I haven’t read ALL of his books. But I’ve read enough to know that I liked him. Agreed with him. Was inspired by him. Wish I had known him personally. Would love to have had coffee with him and just let him ramble. He seemed to put into words what I feel and what I believe. 

Marcus Borg gave Christianity back to many who thought they had to desert it.

One day, some years ago, I was standing in Russ’s office in front of the filing cabinet that holds all of our old “Living Pulpit” journals. I must have been preparing for an Easter sermon so I pulled that issue. I was thumbing through – probably looking for a quote to use as a printed mediation in the bulletin – when I stopped on an article written by Marcus Borg. I read the whole thing. Didn’t just skim it. And I had an “Aha!” moment. 

For almost 30 years I have been frustrated with conservatives who get so hung up on a literal interpretation of what they consider to be an inerrant, infallible word from God - which misses the whole point of the truth!  And, for the last 15 years or so, I have been equally frustrated with a liberal perspective that throws the baby out with the bath water by totally dismissing that which they can no longer believe. For those folks, if the story can’t be true they cease to go deeper for Truth. 

Personally, I don’t want some middle ground that is watered down so that we can all find a place of agreement. I want a faith that is powerful and living and transformative and life-changing.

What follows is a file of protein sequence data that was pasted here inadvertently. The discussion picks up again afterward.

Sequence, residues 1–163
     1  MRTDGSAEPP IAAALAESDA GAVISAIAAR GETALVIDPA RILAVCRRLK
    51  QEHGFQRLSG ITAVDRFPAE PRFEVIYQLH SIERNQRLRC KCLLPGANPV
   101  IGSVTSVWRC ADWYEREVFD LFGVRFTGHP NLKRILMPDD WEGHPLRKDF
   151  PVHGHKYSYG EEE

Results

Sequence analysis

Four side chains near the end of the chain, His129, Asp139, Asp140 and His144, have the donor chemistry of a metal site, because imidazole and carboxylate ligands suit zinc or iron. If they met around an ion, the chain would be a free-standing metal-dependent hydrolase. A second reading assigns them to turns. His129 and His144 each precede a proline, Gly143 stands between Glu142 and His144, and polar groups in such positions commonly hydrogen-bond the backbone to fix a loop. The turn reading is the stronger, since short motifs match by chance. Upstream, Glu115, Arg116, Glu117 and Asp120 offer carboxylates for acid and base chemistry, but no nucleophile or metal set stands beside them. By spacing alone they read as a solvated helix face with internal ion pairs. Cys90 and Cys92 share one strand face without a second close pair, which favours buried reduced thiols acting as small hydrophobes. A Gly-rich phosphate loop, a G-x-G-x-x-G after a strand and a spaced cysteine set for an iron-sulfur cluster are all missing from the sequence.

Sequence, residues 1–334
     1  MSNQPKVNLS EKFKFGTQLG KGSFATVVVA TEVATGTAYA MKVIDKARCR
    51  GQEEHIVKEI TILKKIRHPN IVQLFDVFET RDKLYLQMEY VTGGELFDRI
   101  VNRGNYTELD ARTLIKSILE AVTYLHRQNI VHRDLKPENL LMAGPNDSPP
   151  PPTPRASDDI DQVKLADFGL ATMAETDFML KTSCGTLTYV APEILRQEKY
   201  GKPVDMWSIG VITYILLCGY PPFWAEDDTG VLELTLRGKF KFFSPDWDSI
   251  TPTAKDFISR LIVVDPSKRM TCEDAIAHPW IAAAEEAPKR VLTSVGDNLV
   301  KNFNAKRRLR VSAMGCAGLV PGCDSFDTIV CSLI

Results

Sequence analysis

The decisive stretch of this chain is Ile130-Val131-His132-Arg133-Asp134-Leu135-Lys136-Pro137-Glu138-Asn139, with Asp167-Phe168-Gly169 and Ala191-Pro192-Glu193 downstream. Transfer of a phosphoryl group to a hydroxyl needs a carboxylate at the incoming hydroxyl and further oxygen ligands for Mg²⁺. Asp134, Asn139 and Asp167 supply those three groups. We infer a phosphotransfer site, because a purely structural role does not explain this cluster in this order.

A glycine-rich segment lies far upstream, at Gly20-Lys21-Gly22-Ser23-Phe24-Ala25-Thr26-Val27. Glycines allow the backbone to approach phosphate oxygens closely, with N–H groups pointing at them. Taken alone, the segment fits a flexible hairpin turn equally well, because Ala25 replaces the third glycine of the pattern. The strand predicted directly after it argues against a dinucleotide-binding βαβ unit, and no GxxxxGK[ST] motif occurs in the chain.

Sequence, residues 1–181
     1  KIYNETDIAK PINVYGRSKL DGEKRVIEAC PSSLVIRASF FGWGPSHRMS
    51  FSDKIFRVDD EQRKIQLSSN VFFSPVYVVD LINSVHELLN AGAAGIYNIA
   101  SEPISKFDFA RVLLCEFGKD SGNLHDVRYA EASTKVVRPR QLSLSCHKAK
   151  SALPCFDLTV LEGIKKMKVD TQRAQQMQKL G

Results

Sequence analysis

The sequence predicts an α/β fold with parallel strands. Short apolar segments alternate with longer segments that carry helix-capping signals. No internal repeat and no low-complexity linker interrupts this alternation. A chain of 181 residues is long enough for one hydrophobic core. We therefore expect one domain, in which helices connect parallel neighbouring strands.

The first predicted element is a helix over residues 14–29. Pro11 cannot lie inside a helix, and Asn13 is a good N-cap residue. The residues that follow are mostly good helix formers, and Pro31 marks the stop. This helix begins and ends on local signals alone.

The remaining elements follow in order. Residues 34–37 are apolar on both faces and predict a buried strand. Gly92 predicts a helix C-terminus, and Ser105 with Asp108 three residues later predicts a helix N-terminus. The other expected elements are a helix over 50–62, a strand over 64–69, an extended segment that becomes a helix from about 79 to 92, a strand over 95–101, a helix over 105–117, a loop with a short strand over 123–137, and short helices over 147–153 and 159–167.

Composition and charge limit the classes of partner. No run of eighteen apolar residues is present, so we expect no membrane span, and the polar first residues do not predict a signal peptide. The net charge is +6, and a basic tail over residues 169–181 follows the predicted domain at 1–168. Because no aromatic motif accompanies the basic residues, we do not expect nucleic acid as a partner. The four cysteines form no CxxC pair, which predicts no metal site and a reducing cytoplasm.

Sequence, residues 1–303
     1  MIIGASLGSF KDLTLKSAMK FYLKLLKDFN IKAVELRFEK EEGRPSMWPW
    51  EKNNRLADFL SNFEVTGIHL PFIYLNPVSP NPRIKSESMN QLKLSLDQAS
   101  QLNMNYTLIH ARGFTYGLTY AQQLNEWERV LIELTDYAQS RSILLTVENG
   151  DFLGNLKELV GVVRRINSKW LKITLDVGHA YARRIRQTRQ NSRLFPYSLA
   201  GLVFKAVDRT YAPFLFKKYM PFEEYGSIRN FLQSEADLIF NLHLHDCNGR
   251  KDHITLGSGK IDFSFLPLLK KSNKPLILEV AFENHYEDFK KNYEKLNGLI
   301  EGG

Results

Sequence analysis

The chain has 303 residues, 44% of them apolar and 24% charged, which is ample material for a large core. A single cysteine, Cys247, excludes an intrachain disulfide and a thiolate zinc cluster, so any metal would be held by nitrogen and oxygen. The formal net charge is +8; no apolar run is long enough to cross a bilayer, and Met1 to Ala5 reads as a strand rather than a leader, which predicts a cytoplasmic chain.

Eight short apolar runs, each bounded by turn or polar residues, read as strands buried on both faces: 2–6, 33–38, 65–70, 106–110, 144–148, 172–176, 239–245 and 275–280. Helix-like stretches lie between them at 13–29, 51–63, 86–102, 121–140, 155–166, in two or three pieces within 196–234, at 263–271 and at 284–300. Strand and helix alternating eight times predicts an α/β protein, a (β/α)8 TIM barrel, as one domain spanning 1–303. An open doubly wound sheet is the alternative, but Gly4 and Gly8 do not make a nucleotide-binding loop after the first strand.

And I read Borg’s words . . . 

“I see Easter stories as true stories, even as I am convinced that they are not factually accurate reports. To paraphrase words used by a native-American story teller as he tells his tribes’ story of creation, `I don’t know if it happened this way, but I know this story is true.’ . . . So what is the truth of Easter? Two claims seem most central to me. 

First, Jesus is a figure of the present, not just of the past. Jesus continued to be experienced by his followers after his death, though in a radically new way: as a living spiritual reality. Sometimes he was experienced in visions, sometimes as an abiding presence. 

The presence which his followers felt in him as a historical figure – spoken of as the Spirit of God, the Wisdom of God, and the Word of God – continues to be and to operate. Moreover, experiences of Jesus have continued throughout the centuries to this day. The truth of Easter is grounded in the continuing experience of Jesus, not in what did or didn’t happen on a particular day in the past . . . 

Of equal importance is the second claim: Easter affirms that Jesus is Lord. To echo the New Testament, God has made him both Lord and Christ. He has been raised to God’s right hand. The one who lived among us as a God-intoxicated Galilean peasant healer, wisdom teacher and social prophet not only lives, but is Lord. Easter is God’s `yes’ to Jesus.” 

(The Living Pulpit, “Hearing The Easter Stories Again,” Marcus Borg, Volume 7, No. 1, January-March 1998, page17)

One thing that some conservatives and some liberals have in common is that often they both miss the point. I vividly remember my out-loud comment after reading Borg’s article on Easter all those years ago: “He hasn’t lost his Joy. And I don’t want to lose mine either.” 

I pray that as I continue to study, and as I continue to probe, and as I continue to question, and as I continue to minister that I will never ever be tempted to let doubt and questioning steal the Joy of Faith. Years from now if someone ever reads what I’ve written, I hope they will exclaim: “She didn’t lose her Joy!” 

Grace and Peace, Marcus Borg – well done, good and faithful servant – your voice will be missed among those of us who needed you to help us keep our faith.